He was asked by the High Court to explain his conduct, He naturally questioned the procedure as irrelevant, but described in a statement the circumstances leading to the decision for non- participation in the inquiry. This is Shri Dasappa said in the course of his statement:

“The Government appointed Justice A. R. Nageswara Iyer to carry on what wss admittedly a public. Attempts made to have the inquiry postponed with a view to arrive at an amicable settlement in the matter, were of no avail. It was then that the Mysore Congress was advised by Mahatma Gandhi to negotiate for a change in the personnel of the inquiry…. The opponent submits that the inquiry was only a departmental and there was no court constituted for the purpose. These was no legal obligation whatever on the part of Congressmen to tender evidence at the inquiry. The moral obligation would only arise in case the tribunal was satisfactory.”

It is these words that provoked the ire of the Chief Justice, and in criticizing them. he has made certain statements of astounding audacity: “To make- a foul allegation against one’s neighbour and to refuse either to withdraw it or substantiate it, was a conduct to which no decent-minded man who had not lost all sense of fairness would descend or advise others to descend.” Again: “I understand from the respondent’s statement that the aim of his political association is to get responsible government established in this State. This is a form of government which many of us would admire, and all of us, who are not judges, are at liberty to advocate. This is not an occasion on which it would be proper to discuss the advantages or disadvantages of that form of government. But I think we shall agree that that form of government can have no chance of success in any country in which there is not a general spirit of fairness throughout the country. The respondent, in this matter of deterring his followers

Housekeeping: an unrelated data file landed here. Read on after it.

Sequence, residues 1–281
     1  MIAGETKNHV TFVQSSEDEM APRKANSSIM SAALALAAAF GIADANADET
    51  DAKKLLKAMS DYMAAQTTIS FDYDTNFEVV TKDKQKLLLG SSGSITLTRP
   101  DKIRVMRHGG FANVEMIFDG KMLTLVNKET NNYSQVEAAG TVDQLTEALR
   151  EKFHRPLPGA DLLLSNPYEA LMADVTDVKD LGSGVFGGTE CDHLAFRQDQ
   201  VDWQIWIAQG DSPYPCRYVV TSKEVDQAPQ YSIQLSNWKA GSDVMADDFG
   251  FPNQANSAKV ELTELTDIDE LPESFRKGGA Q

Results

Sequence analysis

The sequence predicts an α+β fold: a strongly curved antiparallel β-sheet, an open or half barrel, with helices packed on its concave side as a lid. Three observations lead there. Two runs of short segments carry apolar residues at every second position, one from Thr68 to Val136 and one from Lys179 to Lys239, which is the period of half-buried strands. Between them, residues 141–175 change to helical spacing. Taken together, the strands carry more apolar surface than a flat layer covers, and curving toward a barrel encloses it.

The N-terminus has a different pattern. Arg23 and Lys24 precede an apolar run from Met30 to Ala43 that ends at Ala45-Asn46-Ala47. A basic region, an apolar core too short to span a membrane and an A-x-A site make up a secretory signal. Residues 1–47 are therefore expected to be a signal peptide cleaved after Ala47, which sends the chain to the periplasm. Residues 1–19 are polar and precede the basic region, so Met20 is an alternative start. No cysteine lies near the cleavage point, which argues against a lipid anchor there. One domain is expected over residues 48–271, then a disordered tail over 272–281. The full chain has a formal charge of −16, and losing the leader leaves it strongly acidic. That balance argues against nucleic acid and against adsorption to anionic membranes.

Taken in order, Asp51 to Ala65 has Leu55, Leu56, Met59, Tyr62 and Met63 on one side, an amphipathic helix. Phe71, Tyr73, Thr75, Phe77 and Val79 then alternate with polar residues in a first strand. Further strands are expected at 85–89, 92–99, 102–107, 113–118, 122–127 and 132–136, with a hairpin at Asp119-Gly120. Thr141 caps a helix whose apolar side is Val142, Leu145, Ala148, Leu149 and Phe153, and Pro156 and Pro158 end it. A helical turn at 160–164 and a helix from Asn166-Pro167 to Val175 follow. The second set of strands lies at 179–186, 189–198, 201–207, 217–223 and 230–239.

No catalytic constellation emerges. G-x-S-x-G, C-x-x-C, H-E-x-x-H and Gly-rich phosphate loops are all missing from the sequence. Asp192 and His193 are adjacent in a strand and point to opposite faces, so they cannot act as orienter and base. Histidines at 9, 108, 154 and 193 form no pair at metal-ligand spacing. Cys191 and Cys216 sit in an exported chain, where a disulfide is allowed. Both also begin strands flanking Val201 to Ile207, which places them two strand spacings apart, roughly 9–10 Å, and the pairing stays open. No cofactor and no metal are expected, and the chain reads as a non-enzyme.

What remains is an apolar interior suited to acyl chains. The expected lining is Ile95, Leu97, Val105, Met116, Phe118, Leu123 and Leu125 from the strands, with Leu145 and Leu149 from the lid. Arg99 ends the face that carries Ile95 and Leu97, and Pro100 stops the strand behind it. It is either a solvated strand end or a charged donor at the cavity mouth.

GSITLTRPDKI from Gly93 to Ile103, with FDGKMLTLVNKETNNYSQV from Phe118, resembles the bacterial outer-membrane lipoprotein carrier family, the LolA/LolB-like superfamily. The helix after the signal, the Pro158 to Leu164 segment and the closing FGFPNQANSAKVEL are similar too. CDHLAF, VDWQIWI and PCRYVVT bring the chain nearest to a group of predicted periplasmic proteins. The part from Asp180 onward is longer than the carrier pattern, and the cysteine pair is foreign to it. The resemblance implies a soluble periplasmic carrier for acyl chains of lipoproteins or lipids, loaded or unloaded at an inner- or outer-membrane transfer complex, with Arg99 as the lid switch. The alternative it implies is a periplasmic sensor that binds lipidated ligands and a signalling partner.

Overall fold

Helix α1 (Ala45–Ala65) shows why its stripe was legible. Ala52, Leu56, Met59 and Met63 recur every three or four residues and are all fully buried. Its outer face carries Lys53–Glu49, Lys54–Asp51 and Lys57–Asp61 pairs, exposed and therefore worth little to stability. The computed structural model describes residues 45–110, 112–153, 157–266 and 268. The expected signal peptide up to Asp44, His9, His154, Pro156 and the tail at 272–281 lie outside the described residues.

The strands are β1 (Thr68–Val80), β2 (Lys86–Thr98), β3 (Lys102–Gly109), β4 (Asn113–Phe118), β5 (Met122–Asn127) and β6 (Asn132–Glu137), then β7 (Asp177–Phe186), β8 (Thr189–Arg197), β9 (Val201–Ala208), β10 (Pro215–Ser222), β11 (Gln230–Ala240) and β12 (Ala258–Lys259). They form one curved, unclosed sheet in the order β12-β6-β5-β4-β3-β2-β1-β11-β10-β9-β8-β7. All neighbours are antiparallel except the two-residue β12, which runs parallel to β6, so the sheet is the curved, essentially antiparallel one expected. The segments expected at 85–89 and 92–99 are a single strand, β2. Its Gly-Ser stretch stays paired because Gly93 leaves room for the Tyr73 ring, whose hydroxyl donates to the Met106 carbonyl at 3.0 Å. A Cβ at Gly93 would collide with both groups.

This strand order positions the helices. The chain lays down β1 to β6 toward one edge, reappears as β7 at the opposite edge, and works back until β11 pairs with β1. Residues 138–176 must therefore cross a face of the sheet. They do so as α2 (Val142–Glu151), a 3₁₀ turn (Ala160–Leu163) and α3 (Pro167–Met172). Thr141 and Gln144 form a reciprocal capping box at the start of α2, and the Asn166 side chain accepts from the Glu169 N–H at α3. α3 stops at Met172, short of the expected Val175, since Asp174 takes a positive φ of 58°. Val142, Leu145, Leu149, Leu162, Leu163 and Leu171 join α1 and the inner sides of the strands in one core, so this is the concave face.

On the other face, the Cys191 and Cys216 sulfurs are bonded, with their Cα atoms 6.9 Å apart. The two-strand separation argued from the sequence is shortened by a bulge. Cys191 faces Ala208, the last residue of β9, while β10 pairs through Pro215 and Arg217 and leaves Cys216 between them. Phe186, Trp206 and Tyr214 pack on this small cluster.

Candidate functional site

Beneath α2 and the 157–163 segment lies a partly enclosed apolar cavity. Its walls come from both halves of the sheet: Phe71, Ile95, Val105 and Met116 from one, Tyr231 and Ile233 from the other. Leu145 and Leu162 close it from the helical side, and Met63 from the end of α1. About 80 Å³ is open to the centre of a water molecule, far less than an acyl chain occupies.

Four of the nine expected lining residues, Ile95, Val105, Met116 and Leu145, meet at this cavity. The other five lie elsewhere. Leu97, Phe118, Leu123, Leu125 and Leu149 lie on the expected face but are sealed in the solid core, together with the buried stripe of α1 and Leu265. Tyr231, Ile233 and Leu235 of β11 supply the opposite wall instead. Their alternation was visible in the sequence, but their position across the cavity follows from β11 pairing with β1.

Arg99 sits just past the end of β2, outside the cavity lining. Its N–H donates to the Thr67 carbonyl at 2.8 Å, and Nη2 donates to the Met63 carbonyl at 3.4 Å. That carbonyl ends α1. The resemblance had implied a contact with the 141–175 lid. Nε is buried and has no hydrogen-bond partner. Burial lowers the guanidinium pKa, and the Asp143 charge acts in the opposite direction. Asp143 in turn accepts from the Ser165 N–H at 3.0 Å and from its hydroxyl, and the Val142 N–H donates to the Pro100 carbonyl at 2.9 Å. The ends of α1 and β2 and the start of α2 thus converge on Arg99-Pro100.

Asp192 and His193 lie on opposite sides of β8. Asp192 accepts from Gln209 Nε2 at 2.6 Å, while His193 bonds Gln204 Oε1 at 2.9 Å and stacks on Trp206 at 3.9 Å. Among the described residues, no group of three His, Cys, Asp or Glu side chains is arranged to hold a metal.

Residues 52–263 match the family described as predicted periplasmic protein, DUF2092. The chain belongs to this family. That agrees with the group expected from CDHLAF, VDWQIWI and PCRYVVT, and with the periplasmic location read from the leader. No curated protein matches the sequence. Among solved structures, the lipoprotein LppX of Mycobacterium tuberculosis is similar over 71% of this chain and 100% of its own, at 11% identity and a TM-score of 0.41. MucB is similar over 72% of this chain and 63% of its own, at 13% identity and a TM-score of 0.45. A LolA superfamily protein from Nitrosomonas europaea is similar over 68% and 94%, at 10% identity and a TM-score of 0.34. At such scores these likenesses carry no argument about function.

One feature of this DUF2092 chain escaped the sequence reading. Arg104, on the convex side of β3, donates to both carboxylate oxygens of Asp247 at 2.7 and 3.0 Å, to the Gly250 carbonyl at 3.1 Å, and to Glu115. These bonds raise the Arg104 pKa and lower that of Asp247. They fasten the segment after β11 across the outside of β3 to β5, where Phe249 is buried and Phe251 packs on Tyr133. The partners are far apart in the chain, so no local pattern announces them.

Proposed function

from withdrawing or substantiating their charges against their fellow-subjects, has shown himself devoid of that spirit of fairness: He has stated in one part of his statement that he did so at the dictates of a person outside the State. No man fit to be an advocate of this Court can submit his conscience to anyone else in that way. It is no excuse for such conduct.” Again, the Chief Justice, proceeding, observed, says The Hindu report, that, “it was surprising that the respondent, the professed votary of truth, should have behaved in such a way. Perhaps it is because truth is so often degraded in this country into nothing more than a political catchword that the respondent has lost all appreciation of its meaning and value. It was, a sad thing indeed for anyone to have so degraded’ himself and to have lowered his moral standards. It would not be fair to require other members of this honourable profession to associate in the work of the courts with a man who had allowed his morals to be so debased, nor would it be safe to allow litigants to allow their cases in his hands. In my opinion it is quite clear that the respondent has become by defect of character unfit to remain an advocate of this court.”

Harijan, 13-7-1940, pp.205-206


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